Page 12, "Interestingly, the maximum of the entropy (at 250) is only slightly dependent on the Rényi index when the system size is very large (not shown).": is it possible that the maxima would converge in the limit of large S and M? Perhaps the deviations witnessed are finitesize effects?
 I would like to add that the fact that "the maximum Renyi entropy saturates as a function of mode number" when in the collisionfree subspace was known earlier. See, for example, S. Stanisic, N. Linden, A. Montanaro, and P. S. Turner, Generating Entanglement with Linear Optics, Physical Review A 96, 043861 (2017). In the last row of Table I, when looking at equalsized bipartitions, one finds that even if the number of modes M→∞, the upper bound on the entanglement is determined by n, the number of bosons.
 Page 20, "A generalized formula for the permanent has been found along similar lines [51, 52]." A pertinent reference might also be U. Chabaud, A. Deshpande, and S. Mehraban, QuantumInspired Permanent Identities, Quantum 6, 877 (2022).
Anonymous Report 2 on 2023328 (Invited Report)
 Cite as: Anonymous, Report on arXiv:2210.09915v1, delivered 20230328, doi: 10.21468/SciPost.Report.6798
Strengths
The paper presents a new application of a well known approach to improve the computation efficiency for a notoriously hard problem.
Weaknesses
No discussion of possible experimental realisation, non citations of boson sampling experiments (a lot with photons!).
Report
The paper reproposes the SU(M) approach to the BoseHubbard model, in particular useful for 2 sites for practical purposes. This approach is not new, see earlier papers by Korsch (cited here), Brandes (Dicke type of models), and Milburn (milestone paper 1997), but offers a new application to more efficiently compute the temporal evolution of such manybody quantum systems and its correlations. The analysis is exhaustive and the results, in particular on the entropy dynamics are interesting. My suggestion would be to add a short discussion about 1) experiments performed already on Bose sampling etc. and 2) experimental possibilities in implementing the research studied here in detail.
Requested changes
Please see my report.
Author: Yulong Qiao on 20230411 [id 3571]
(in reply to Report 2 on 20230328)Dear Editorincharge,
herewith, on behalf of my coauthors, I would like to reply to the comments in Report 2 of the manuscript entitled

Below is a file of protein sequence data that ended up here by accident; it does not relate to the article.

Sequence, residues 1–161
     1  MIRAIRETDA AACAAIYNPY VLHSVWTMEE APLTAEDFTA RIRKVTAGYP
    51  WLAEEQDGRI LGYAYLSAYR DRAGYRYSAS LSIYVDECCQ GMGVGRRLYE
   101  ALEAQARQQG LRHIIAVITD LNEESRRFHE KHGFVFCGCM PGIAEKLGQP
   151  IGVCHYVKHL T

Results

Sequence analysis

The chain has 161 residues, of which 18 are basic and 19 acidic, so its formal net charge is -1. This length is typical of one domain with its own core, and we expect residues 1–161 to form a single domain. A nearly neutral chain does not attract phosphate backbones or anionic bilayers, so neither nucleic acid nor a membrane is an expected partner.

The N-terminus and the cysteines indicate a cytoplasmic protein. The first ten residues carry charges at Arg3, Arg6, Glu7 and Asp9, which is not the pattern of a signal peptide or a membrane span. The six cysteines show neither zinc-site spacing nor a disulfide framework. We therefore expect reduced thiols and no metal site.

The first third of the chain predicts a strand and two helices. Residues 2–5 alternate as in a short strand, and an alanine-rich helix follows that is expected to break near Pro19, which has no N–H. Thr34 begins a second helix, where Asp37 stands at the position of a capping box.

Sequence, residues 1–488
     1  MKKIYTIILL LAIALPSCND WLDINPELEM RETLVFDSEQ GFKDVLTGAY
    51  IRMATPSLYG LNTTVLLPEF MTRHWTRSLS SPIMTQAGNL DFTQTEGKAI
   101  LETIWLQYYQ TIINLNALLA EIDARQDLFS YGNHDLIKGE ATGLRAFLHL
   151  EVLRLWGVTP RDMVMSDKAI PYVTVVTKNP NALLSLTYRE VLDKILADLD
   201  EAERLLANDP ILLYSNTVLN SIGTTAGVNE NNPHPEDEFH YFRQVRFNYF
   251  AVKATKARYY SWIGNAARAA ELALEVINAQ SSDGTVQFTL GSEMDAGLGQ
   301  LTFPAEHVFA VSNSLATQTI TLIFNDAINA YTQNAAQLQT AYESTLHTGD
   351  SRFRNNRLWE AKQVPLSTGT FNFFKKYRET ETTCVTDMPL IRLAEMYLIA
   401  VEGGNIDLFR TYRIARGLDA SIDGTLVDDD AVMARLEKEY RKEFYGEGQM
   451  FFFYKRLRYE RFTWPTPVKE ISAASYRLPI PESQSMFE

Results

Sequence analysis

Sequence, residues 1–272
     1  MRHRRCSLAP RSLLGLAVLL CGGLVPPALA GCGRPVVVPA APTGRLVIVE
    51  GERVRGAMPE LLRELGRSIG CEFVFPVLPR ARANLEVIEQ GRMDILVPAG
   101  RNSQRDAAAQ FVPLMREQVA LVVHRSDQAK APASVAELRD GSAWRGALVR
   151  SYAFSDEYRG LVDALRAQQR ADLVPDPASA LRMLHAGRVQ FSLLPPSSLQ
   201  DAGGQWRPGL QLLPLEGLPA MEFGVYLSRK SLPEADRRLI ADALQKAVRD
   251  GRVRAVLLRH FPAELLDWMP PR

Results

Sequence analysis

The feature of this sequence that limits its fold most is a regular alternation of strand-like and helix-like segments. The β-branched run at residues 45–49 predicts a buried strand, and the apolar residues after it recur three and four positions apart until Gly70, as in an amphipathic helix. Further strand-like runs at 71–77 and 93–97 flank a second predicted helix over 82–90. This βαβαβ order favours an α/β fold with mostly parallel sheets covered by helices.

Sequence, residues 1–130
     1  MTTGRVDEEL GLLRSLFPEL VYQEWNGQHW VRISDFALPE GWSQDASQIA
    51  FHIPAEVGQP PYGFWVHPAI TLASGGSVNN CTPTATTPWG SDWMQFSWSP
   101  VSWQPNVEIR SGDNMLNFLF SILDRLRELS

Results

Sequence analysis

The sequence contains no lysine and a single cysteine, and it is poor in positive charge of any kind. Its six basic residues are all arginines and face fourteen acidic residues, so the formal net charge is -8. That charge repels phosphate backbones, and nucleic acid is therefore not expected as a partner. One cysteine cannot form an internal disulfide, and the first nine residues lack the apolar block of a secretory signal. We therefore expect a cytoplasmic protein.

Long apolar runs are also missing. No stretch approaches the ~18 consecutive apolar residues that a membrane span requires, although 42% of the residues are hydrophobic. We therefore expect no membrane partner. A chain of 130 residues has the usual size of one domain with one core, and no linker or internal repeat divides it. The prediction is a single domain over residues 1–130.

"Entanglement in the full state vector of boson sampling"
which we had submitted for publication as an article in SciPost Physics.
The reviewer had proposed to engage more on the following two points:
1) experiments performed already on boson sampling etc.
2) experimental possibilities in implementing the research studied here in detail.
We thank the Referee for the positive assessment of our submission. In a revised version of the manuscript, we would add a short paragraph addressing the issues mentioned above. With respect to the first point, we would reference to the article by D.J. Brod et al. in Advanced Photonics {\bf 1}, 034001 (2019) and references 6367 and 69, 76 therein.
As to point two raised above, there is recent work on BoseHubbard type systems, realized in the socalled quantum gas microscope that addresses the measurement of Renyi entropies [A. J. Daley et al., ``Measuring entanglement growth in quench dynamics of bosons in an optical lattice'', Phys. Rev. Lett. 109, 020505 (2012)]. This scheme is designed for latticetype bosonic system and thus might also be applicable to the boson sampling setup, where the role of the sites is played by the different modes. A brief discussion of the formalism that relies on preparing two copies of the same system and measuring the expectation value of the socalled swap operator will be added on resubmission.
Sincerely yours, Yulong Qiao
Anonymous on 20230421 [id 3605]
(in reply to Yulong Qiao on 20230411 [id 3571])My comments have all been addressed successfully. I suggest publication now.